Clinical and radiographic spectrum of septic pulmonary embolism

K. S. Wong, T. Y. Lin, Y. C. Huang, S. H. Hsia, P. H. Yang, S. M. Chu

Research output: Contribution to journalArticle

49 Citations (Scopus)

Abstract

Aims: To review the clinical presentation, radiographic findings, and outcome of therapy in children with septic pulmonary embolism. Methods: Retrospective analysis of patients in a tertiary paediatric facility in northern Taiwan. Results: Ten children were identified with septic pulmonary emboli in a four year retrospective chart review between 1998 and 2001. Seven were immunocompetent, two were premature infants, one had β thalassemia major. Seven had community acquired staphylococcal infections and bacteraemia, of which six were methicillin resistant Staphylococus aureus (MRSA) isolates. Five had soft tissue infections, two bone infections, one suppurative otitis media, one catheter related infection, and one unknown foci of infection. Multiple and bilateral nodular pulmonary parenchymal lesions were common on plain chest radiographs, but chest computed tomography scans showed the additional findings of a "vessel sign" and central cavitations, confirming the existence of septic pulmonary embolism. Conclusions: Community acquired MRSA infections occurred in seven patients with septic pulmonary embolism but without predisposing high risk factors. Critically ill children with skin, soft tissue, or bone infections, when associated with septic pulmonary embolism in an area with a high rate of MRSA, should be empirically treated with glycopeptides (such as vancomycin or teicoplanin) before susceptibility results are known, in order to minimise morbidity and avoid mortality.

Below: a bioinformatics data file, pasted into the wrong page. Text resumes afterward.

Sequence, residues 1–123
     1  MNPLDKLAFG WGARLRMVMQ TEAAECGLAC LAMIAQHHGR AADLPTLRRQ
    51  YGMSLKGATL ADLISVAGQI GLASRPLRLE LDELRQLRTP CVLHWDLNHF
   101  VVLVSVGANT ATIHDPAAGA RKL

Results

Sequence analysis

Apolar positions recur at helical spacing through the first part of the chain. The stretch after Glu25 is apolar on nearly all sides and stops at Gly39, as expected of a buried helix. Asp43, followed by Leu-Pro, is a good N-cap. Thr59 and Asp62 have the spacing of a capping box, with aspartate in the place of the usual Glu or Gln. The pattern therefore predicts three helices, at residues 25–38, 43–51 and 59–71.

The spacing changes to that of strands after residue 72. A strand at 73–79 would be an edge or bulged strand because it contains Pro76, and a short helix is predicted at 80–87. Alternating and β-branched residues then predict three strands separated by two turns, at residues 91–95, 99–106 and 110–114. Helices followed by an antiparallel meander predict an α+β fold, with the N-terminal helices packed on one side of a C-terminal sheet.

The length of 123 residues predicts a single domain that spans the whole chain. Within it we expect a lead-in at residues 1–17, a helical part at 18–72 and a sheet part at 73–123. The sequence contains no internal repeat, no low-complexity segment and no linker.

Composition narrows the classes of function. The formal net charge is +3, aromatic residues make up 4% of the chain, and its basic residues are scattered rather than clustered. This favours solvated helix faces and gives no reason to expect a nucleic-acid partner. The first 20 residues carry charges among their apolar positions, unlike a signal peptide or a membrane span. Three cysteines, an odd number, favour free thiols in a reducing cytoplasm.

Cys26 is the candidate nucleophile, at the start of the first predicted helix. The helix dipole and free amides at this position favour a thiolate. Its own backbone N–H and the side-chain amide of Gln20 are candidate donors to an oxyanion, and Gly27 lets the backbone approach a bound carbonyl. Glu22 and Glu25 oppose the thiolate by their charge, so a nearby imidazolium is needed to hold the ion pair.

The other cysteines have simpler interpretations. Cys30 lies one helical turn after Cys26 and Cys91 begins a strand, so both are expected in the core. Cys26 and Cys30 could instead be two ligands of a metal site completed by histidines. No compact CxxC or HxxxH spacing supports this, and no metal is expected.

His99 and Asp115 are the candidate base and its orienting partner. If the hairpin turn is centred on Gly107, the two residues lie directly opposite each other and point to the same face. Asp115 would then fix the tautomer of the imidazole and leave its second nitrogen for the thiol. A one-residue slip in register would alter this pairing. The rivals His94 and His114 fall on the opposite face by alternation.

Original languageEnglish
Pages (from-to)312-315
Number of pages4
JournalArchives of Disease in Childhood
Volume87
Issue number4
DOIs
Publication statusPublished - Oct 2002
Externally publishedYes

ASJC Scopus subject areas

  • Pediatrics, Perinatology, and Child Health

Fingerprint Dive into the research topics of 'Clinical and radiographic spectrum of septic pulmonary embolism'. Together they form a unique fingerprint.

  • Cite this